Budget gives with one hand and takes with the other
The State Government has delivered a Budget that gives with one hand and takes with the other – and here are five reasons why.
Treasurer Rob Lucas has ‘given’ the property sector the following initiatives and changes:
“The Government’s budgeted $12 billion in infrastructure spending will deliver hard hats and steel caps for South Australian construction workers, with more cranes to spring up across Adelaide’s skyline,” said SA Executive Director Daniel Gannon.
- Cities and housing
“Adelaide’s City Deal will transform South Australia’s economy, while aspiring homeowners and tradies will pick up their pom-poms and cheer the Treasurer’s housing stimulus measures.
- Budget surplus over the forward estimates
- Land tax rate reduction
“The progressive reduction of South Australia’s top land tax rate is strongly supported by the state’s biggest private sector employer and comes on top of last year’s sensible reforms to this punishing tax.
But at the same time, the Treasurer has ‘taken’ the following:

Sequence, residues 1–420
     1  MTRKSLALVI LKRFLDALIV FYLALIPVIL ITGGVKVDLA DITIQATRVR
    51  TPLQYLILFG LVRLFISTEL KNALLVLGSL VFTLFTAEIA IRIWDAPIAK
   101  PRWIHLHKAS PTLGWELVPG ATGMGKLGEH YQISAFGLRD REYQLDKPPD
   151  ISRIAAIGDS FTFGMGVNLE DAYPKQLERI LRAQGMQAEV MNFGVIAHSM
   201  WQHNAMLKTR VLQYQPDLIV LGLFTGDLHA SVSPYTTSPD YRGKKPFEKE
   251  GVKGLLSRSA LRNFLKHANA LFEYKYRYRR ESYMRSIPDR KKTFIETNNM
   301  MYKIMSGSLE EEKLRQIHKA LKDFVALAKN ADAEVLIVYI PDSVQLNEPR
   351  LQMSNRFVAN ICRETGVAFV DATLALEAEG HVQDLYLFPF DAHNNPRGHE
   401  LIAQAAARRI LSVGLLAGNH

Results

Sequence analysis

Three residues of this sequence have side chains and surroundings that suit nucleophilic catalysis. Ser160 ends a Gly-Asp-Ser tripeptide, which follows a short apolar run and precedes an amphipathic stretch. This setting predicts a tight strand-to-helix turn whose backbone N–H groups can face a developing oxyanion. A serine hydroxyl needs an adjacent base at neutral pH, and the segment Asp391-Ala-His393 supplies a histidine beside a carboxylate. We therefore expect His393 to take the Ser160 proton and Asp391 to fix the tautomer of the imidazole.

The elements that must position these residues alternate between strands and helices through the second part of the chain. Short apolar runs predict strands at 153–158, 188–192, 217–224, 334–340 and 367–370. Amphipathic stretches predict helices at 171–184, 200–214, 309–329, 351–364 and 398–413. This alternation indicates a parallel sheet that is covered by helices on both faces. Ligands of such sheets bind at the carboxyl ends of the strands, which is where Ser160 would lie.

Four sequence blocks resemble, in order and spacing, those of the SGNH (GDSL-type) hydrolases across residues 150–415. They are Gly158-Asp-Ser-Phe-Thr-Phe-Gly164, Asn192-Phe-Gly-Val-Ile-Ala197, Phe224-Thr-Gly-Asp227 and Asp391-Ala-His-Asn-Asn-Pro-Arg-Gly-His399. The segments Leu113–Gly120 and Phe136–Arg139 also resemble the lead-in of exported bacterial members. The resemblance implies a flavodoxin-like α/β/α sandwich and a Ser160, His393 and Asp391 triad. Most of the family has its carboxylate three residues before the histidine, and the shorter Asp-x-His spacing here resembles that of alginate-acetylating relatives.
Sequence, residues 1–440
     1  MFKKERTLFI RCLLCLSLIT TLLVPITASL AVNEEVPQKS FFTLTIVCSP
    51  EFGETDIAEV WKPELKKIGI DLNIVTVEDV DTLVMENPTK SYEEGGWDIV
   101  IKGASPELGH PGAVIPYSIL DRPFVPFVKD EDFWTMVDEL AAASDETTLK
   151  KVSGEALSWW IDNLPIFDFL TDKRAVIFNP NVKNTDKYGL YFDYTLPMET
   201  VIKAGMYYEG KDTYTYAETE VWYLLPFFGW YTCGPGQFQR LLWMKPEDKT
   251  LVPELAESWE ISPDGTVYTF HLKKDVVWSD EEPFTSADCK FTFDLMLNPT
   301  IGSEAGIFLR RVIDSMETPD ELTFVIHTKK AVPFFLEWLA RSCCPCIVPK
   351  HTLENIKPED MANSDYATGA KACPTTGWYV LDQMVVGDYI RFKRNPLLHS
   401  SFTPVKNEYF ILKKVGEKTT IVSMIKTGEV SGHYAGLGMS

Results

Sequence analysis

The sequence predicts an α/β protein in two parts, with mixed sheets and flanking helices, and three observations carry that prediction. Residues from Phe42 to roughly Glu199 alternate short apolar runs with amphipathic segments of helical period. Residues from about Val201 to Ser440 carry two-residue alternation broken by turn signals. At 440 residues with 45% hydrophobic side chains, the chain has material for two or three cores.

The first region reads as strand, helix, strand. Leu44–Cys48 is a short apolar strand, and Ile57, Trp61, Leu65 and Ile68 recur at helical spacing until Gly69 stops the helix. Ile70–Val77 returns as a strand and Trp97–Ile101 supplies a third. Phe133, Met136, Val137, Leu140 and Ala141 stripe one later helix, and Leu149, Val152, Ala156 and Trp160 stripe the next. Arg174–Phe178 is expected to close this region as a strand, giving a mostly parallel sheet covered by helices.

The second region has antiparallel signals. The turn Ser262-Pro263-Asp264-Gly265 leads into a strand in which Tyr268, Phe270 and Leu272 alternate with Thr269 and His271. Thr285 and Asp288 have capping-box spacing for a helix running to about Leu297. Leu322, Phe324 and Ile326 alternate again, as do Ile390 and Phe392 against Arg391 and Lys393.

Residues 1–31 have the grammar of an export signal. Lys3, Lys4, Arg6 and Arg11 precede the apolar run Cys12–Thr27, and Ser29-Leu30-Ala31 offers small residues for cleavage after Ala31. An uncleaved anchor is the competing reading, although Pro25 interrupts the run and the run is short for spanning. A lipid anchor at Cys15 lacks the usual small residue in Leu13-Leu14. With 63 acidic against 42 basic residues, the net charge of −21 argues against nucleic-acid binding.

5. Land tax aggregation
“The budgeted changes to land tax aggregation provisions are a sharp sting in the tail for property owners and investors, and will deliver a tidal wave of taxation revenue.
“The State Government will reap an additional $120 million over three years in increased land tax revenue through aggregation changes. In simple terms, property owners and investors will pay more as a direct consequence of the state’s anti-competitive land tax regime.
“The historical reason why investors have been forced to create trusts is to neutralise aggregation, which contributes to making South Australia’s land tax regime the most anti-competitive in the country.
“If South Australia had flat land tax rates, we wouldn’t need to address this problem.
“Land tax rates have been a significant investor handbrake for many years, and in an effort to fix this situation the Government will actually punish the sector before helping it.
“By addressing this aggregation issue, the Government is further taxing the biggest contributors to state taxation revenue in South Australia, which presents some level of investor risk and will have flow-on implications for tenants and consumers.”
In South Australia, land tax is currently paid by only 22 per cent of taxable properties.
Of those, the top 2 per cent of ownerships by value account for 80 per cent of total land tax paid, while the top 10 per cent of ownerships by value account for more than 95 per cent of total land tax revenue (Deloitte Access Economics, 2017).
Media contact: Daniel Gannon | E firstname.lastname@example.org